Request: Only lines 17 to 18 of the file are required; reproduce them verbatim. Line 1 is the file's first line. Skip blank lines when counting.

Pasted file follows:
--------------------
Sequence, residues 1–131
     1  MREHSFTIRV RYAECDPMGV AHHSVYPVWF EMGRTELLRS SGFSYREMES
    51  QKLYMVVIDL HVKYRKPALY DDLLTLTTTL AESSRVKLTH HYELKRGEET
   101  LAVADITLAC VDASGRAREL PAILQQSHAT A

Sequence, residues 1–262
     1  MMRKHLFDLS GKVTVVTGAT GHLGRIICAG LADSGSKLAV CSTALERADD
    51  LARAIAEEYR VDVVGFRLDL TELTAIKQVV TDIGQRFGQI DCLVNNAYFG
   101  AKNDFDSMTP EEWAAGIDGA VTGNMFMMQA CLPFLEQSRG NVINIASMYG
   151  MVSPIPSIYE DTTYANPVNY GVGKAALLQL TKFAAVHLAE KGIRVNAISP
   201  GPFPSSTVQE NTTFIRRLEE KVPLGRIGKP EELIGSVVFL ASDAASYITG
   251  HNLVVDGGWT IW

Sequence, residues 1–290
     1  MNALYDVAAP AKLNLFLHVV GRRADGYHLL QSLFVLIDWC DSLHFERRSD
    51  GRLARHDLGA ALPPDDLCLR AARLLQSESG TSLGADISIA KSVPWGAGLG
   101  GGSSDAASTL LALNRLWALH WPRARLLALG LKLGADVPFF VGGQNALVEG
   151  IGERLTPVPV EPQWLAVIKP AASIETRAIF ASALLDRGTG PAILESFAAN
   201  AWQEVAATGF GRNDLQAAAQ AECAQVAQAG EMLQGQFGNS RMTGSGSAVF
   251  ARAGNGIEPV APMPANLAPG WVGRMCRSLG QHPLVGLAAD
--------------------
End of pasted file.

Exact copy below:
   201  AWQEVAATGF GRNDLQAAAQ AECAQVAQAG EMLQGQFGNS RMTGSGSAVF
   251  ARAGNGIEPV APMPANLAPG WVGRMCRSLG QHPLVGLAAD